JD, Actually, the acepteance of the Trinity is NOT a basis for slavation in the RCC , well at least not according to RCC, it is crucial, in their view, to understanding the relationship between God, Jesus but it is not needed for ones "salvation".
I have to disagree with you on this and I'll explain why. In short, according to the Cathechism of the Roman Catholic Church (RCC) belief in the Trinity doctrine is not only professed but is mandatory. Technically, one cannot be Catholic and not believe in the Trinity. It is inseparable from the unity of the church. In fact, it is so much a part of the faith that to deny it is to deny being a Catholic, and catholicism is their means to salvation. I don't think most people understand how central this doctrine is to Christianity. But this does not mean that "understanding" the Trinity in all of its intricate detail is necessary. If that were the case few would gain salvation.
'The Second Vatican Council's Decree on Ecumenism explains; "For it is through Christ's Catholic Church alone, which is the universal help toward salvation, that the fullness of the means of salvation can be obtained," (Catechism, 234). "The mystery of the Most Holy Trinity is the central mystery of Christian faith and life. It is the mystery of God in himself. It is therefore the source of all the other mysteries of faith, the light that enlightens them. It is the most fundamental and essential teaching in the "hierarchy of the truths of faith." The whole history of salvation is identical with the history of the way and the means by which the one true God, Father, Son and Holy Spirit, reveals himself to men "and reconciles and unites with himself those who turn away from sin"' (ibid., 69, 70).
Economic Trinity is inseparable from salvation. “Economic” refers to “divine management of earthly affairs” (The Encyclopedia of Religion [New York, Macmillan Publishing Company, 1987], 54) (Encyclopedia of Religion). “It is oriented to the concrete history of creation and redemption: God initiates a covenant with Israel, God speaks through the prophets, God takes on flesh in Christ, God dwells within as Spirit” (ibid., 54). It is also called revelatory Trinity because the triune God reveals himself through his dispensation of salvation (Trinity and the Kingdom, 151).
"Before receiving the [baptismal] sacrament, [Christians] respond to a three-part question when asked to confess the Father, the Son and the Spirit: "I do." "The faith of all Christians rests on the Trinity."(Catechism, 69). The Trinity is at the very root of the Church's living faith..." (Ibid, 74).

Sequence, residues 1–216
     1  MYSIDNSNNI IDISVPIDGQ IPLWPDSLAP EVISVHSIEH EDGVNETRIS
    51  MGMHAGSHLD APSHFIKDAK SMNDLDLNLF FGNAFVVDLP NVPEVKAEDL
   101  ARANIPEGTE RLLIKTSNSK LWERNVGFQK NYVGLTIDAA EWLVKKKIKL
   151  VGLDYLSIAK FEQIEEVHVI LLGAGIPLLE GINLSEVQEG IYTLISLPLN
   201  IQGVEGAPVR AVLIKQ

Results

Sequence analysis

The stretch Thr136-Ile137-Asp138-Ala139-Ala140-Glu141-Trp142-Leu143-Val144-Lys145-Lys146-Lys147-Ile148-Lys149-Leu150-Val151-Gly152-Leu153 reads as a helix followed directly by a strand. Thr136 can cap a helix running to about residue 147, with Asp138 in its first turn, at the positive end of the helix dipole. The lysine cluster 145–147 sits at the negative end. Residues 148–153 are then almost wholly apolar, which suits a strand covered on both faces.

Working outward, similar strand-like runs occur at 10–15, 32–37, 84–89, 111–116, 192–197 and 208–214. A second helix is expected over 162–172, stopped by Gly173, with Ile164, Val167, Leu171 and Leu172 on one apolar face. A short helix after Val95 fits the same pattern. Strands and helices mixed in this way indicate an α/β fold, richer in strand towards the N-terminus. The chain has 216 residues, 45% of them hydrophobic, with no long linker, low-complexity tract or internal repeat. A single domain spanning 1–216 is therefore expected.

"The ultimate end of the whole divine economy is the entry of God's creatures in to the perfect unity of the Blessed Trinity." But even now we are called to be a dwelling for the most Holy Trinity," (Ibid., 77, 78). "By the grace of Baptism "in the name of the Father and of the Son and of the Holy Spirit," we are called to share in the life of the Blessed Trinity..." (Ibid., 79). "Now this is the Catholic faith: We worship one God in the Trinity and the Trinity in unity," (Ibid.).
So as you can see, the Catholic church's belief in the Trinity is fundamental and essential to salvation. It defines God's work of salvation, His economic mission with respect to redemption.
"The Catholic Church, also known as the Roman Catholic Church, is the world's largest Christian church and claims over a billion members, representing approximately half of all Christians ..." (Wikipedia). Among Protestants (defined loosely) "There are "over 33,000 denominations in 238 countries" and every year there is a net increase of around 270 to 300 denominations. According to David Barrett's study (1970), there are 8,196 denominations within Protestantism.There are about 800 million Protestants worldwide, among approximately 2.2 billion Christians." (Wikipedia).
Based on these figures, then, Catholics represent a majority of Christians, or close to it, and therefore belief in the Trinity (not complete understanding) is a prerequiste to salvation for most Christians. How many Protestant denominations feel the same way? Hard to say, but if anyone has those figures I would like to see them. I would suspect it is substantial given the fact that “Although a few distinct doctrinal changes were eventually made, the Trinitarian concept emerged relatively unchanged. “The Reformers,” states the New Schaff-Herzog Encyclopedia of Religious Knowledge, “stood upon the ground of the Church catholic” in this matter. This meant, for many of the new-born Protestant groups, not only continued adherence to (and propagation of) the form of Trinitarianism advanced by the Athanasian Creed, but also - in many cases - actual approval and acceptance of the Catholic-spawned Creed itself” (Concepts, 14; in accord see the New Bible Dictionary, 1299-1300).
I hope this helps.